In 1968, 4-H provided hands-on learning opportunities in science, healthy living and citizenship to build life skills and leadership through club work and camps to youth in grades 4-13. At the request of Somerset County residents to expand the program to children in grades 2-3, Somerset County 4-H Agent, Ted Blum began working with volunteers, NJ 4-H Staff and Cook College Specialists to make it happen. This new program, a non-competitive, introductory Somerset County 4-H Program, became known as “4-H Prep”, and was designed to prepare younger children to be 4-H members.
In honor of this anniversary, the Somerset County Freeholders presented a proclamation recognizing the founding of the founding of the program and celebrating the eventual acceptance of this program throughout the state and nation.
A celebration of the fiftieth was held at the Somerset County 4-H Fair at the beginning of August in the Prep Tent and included the original Club Coordinators Grace Connor, Valerie Kreutler and Lisa Darby. All past and present members, 4-H families, leaders, volunteers and camp counselors were invited.
Hillsborough resident, Grace Connor volunteered to start the first club known as the Hillsborough 4-H Colts. Her daughter, Nancy Lynn, was the first member and with this success, Connor was hired as the first Somerset County 4-H Prep Coordinator to establish the program throughout the county by recruiting members, training advisors and camp counselors, planning events and camping experiences.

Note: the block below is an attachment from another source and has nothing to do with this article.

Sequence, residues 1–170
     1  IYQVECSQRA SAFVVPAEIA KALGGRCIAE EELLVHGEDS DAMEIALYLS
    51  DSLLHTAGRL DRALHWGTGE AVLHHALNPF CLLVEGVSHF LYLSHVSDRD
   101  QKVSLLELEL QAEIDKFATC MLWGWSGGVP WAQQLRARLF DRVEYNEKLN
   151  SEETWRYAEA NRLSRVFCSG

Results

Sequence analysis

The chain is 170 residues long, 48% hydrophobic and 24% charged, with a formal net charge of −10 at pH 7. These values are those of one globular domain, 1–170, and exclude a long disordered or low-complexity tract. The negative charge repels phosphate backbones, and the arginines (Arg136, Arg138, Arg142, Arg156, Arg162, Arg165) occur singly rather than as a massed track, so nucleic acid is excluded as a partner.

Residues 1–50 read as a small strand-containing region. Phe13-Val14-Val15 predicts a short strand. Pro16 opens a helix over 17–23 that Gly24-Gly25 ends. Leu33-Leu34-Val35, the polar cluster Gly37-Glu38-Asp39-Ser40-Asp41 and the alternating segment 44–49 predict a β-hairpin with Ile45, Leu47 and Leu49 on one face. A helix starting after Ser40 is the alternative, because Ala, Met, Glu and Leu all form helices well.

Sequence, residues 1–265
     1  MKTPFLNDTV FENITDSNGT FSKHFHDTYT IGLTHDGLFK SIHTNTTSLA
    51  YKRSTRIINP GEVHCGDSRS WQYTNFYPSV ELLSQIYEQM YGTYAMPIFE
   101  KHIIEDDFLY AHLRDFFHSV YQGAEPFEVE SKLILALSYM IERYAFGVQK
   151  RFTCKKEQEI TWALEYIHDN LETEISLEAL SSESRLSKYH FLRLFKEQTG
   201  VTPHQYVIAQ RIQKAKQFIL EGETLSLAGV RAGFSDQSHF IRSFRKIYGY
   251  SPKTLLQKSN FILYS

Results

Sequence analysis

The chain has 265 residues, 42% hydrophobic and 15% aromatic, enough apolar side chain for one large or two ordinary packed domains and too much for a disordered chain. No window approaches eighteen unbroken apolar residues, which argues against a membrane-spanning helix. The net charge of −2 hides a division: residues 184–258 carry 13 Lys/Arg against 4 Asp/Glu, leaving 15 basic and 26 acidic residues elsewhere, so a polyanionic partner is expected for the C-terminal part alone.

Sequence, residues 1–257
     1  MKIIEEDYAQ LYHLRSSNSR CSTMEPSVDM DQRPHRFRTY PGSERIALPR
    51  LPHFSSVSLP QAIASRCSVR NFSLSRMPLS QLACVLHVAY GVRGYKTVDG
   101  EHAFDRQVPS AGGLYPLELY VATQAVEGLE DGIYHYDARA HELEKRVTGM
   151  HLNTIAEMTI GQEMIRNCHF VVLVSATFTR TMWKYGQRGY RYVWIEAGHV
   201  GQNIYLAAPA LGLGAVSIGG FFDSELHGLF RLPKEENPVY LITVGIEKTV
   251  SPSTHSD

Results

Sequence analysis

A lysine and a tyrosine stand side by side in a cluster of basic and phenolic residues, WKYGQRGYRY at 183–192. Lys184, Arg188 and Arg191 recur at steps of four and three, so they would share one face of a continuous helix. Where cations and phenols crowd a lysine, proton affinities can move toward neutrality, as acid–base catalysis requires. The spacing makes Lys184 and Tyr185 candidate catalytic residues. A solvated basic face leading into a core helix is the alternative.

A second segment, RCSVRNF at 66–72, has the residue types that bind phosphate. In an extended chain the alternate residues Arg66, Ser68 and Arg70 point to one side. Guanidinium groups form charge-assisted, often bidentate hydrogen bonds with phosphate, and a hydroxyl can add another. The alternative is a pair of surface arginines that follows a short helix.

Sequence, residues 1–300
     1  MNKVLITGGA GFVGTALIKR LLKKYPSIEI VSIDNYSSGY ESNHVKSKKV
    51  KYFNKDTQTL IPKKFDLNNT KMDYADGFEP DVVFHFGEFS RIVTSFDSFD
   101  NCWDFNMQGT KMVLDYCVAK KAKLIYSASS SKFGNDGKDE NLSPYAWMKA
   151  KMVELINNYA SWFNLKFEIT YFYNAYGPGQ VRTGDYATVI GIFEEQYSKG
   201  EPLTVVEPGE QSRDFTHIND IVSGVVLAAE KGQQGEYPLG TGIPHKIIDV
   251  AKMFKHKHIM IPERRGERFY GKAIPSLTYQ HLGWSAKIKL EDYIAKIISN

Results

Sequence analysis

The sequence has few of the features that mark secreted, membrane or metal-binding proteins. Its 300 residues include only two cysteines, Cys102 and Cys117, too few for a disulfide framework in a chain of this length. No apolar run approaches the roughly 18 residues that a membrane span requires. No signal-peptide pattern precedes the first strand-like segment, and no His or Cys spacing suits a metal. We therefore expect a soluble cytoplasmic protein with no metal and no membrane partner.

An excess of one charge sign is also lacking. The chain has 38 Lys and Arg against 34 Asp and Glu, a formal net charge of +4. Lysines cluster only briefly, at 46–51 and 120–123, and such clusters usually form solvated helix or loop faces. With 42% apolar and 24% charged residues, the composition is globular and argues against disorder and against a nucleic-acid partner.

In 1978, Valerie Kreutler, resident of Bridgewater, became the second Somerset County 4-H Prep Coordinator. She built upon Connor’s solid foundation, training outside county personnel, expanding the educational activities and recruiting volunteers, many of whom continue their involvement in 4-H to this day.
In 2007, Lisa Darby, also from Bridgewater, became the current Somerset County 4-H Prep Program Coordinator, continuing high quality programming to foster self-confidence in youth and increase volunteerism.
In 2008 the national age was lowered to kindergarten and the national “4-H Prep” name became 4-H Cloverbuds. Presently, Somerset County has 107 children enrolled in the Prep/Cloverbuds program and there are 2,656 enrolled throughout New Jersey.
The 4-H Youth Development Program is part of Rutgers New Jersey Agricultural Experiment Station -Cooperative Extension. 4-H educational programs are offered to all youth, grades K-13, on an age-appropriate basis, without regard to race, religion, color, national origin, ancestry, sex, sexual orientation, gender identity and expression, disability, atypical hereditary cellular or blood trait, marital status, domestic partnership status, military service, veteran status, and any other category protected by law. Rutgers Cooperative Extension System is funded through a federal, state, and local partnership, with the USDA National Institute of Food and Agriculture as the federal partner.
For more information about the Somerset County 4-H Program visit the 4-H website at www.4HisTOPS.org.